Pyrostar ES-F Plate With CSE


Pyrostar ES-F Plate With CSE

PYROSTAR™ ES-F/Plate

Download our PYROSTAR™ ES-F Series brochure

Multi Test Vial (2.0 mL and 5.2 mL) with Control Standard Endotoxin (CSE)

Intended Use: Limulus amebocyte lysate (LAL) is intended for the detection of gram-negative bacterial endotoxins. PYROSTAR™ ES-F/Plate is intended for the quantitative detection of endotoxins by kinetic turbidimetric methods. The quantitative range for the Kinetic Turbidimetric Assay (KTA) is:

KTA Quantitative Range (EU/mL)

0.01 to 10

 

 

 


Ref:
WPEPK4-20015

Summary And General Information

Endotoxin (lipopolysaccharide or LPS) is a component of the outer membrane of Gram-negative bacteria. Since endotoxins, when injected or implanted, may cause fever and/or shock, the detection of bacterial endotoxins in pharmaceuticals and medicals devices is critical.

The LAL assay is the most sensitive method for the detection of bacterial endotoxins currently approved by the FDA.2 The first methodology used to determine the LAL test results was the formation of a gel-clot in the bottom of a glass reaction tube. It has also been observed that the test solution becomes turbid prior to gel-formation. The time required to produce a specified level of turbidity is inversely proportional to the amount of endotoxin in a sample.1

A photometric instrument such as the Microplate Reader (Tecan Sunrise Microplate Reader or equivalent) is used to measure the rate of turbidity change. This quantitative measurement procedure is often referred to as the Kinetic Turbidimetric Assay (KTA).

By utilizing these properties, Wako Chemicals USA has developed an LAL endotoxin test that can be used as a quantitative turbidimetric test.

The USP Bacterial Endotoxins Test <85>6 provides standardized procedures for validation prior to routine use.

However, the specificity of LAL is not absolute.7 It has been reported that LAL reacts not only with endotoxin by also with β-1,3-glucan. Although the cascade system activated by β-1,3-glucan has been shown to be different than the one activated by endotoxin8, the end result, gel-clot formation is indistinguishable.    

The activation of LAL by glucan in a sample can be prevented by adding a large amount of carboxymethylated curdlan (CMC) to LAL. The presence of large amounts of glucan

does not interfere with the quantitation of endotoxin. Wako first made use of these findings by developing an ES-buffer, which contains high concentrations of CMC. When the ES-buffer is used to reconstitute LAL, the LAL reagent becomes endotoxin-specific.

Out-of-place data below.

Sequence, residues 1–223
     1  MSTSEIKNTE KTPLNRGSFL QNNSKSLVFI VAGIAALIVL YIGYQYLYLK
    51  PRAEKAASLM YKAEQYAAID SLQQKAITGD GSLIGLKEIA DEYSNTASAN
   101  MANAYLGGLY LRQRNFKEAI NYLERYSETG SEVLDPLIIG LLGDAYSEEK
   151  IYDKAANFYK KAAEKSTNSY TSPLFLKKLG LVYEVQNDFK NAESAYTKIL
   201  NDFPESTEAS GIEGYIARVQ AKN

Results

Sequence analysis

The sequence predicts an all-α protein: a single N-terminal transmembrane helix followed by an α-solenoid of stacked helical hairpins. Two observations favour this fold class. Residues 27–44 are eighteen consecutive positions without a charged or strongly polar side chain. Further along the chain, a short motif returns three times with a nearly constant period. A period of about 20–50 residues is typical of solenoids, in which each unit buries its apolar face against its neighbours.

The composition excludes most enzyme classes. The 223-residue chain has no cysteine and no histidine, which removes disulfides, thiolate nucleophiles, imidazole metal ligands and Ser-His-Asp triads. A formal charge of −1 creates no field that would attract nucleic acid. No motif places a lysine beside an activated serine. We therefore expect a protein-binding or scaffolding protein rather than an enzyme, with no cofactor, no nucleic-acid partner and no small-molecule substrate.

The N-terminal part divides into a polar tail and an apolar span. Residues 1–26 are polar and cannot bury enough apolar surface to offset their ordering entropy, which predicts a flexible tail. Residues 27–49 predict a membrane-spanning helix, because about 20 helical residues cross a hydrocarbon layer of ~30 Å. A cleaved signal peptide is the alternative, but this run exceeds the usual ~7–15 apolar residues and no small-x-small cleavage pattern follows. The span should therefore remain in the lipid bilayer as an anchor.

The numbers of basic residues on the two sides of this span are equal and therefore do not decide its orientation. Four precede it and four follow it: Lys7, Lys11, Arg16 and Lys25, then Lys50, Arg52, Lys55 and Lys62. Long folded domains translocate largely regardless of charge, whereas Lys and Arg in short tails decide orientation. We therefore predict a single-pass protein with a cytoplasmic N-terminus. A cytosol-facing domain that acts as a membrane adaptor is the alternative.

PYROSTAR™ ES-F/Plate is a new preparation of LAL in which CM-curdlan is colyophilized with LAL. Reconstituting PYROSTAR™ ES-F/Plate test vials with LAL Reagent Water results in an endotoxin-specific LAL reagent.

History And Biological Principle

The in-vitro detection of bacterial endotoxin was pioneered by Levin and Bang.3 Their findings showed that the blood of the horseshoe crab, Limulus polyphemus, clots in the presence of gram negative bacteria.  They subsequently reported that all the components required for clot formation could be isolated from the circulating amebocytes found in Limulus blood.3,4

A guideline was released by the U.S. Food and Drug Administration in 19875 to inform manufacturers of human drugs and biologicals, animal drugs, and medical devices of procedures that FDA considers necessary to validate the use of LAL as an end-product endotoxin test. The FDA guideline was combined with the USP Bacterial Endotoxins Test in 2000 making the USP method the standard method for US manufacturers.  The 1987 FDA Guideline was withdrawn in 2011.

Warnings And General Precautions

PYROSTAR™ ES-F/Plate is intended for the in-vitro detection of gram-negative bacterial endotoxins.  Exercise caution when handling LAL because its toxicity is unknown.

This test is not a diagnostic device and is not to be used to determine endotoxin levels in humans for diagnostic purposes.

Reagents Provided

PYROSTAR™ ES-F/Plate Reagent: PYROSTAR™ ES-F/Plate is a lyophilized reagent containing Limulus amebocyte lysate, buffers, carboxy-methyl curdlan, monovalent and divalent cations.

  • Preparation: Tap the vial on a level surface to ensure that all powder is at the bottom of the vial.  Gently remove the stopper and add 2 mL or 5.2 mL of LAL Reagent Water (LRW) to the vial.  Replace the stopper and swirl gently to dissolve the contents without making contact to the stopper.    
  • Storage: Store at 2 to 10oC.  Refrigerate reconstituted reagent at 2-8°C, maximum 6 hrs or at -15±5oC for a maximum of 14 days.  Reconstituted reagent can only be frozen and thawed one time.

Control Standard Endotoxin (CSE): A lyophilized reagent that contains refined endotoxin from E.coli and is used to confirm LAL reagent sensitivity, validate product test methods, and prepare inhibition controls. 

  • Preparation:Release the vacuum by gently pulling up and removing the rubber stopper from the vial.  The vial contains 500 ng of endotoxin.  Each Control Standard Endotoxin is tested in comparison to the FDA Reference Endotoxin Standard and the conversion factor (EU/ng) is determined.  The EU value (EU/vial) is printed on the label.  Determine the volume of LRW to be added to the vial to produce a 1,000EU/mL solution.  Add the determined volume of LRW to the vial.  Replace the rubber stopper, invert the vial several times and vortex vigorously for 2 minutes.
  • Storage: Reconstituted CSE can be stored at 2-10°C for 1 month.  CSE should not be stored at temperatures below freezing.  When the stored solution is used, vigorously vortex the solution for 1 minute before use.

Materials And Equipment Not Provided

Reference Standard Endotoxin (RSE): USP Endotoxin Reference Standard that has a defined potency of 10,000 USP Endotoxin Units (EU).

LAL Reagent Water (LRW): Endotoxin-free water. 

Endotoxin free pipettes

Endotoxin free dilution tubes

Microplate Method:

  • Microplate Reader (Tecan Sunrise Microplate Reader or equivalent)
  • Endotoxin free Microplates (Corning® 96 well clear flat bottom plate (Corning® catalog # 3370) or equivalent)

Preparation Of Control Standard Endotoxin Dilutions

Control Standard Endotoxin Preparation

Based on the information provided on the Certification of Analysis, prepare a CSE standard to a concentration of 1000 EU/mL, as described above.  Vortex the 1000EU/mL CSE solution for 2 minutes at Room Temperature.  Using the 1000EU/mL CSE solution, prepare the endotoxin dilution series as shown in Table 1. 

Vortex each tube for 30 seconds between dilutions.  Dilutions may be prepared in different volumes as long as the same ratio is maintained.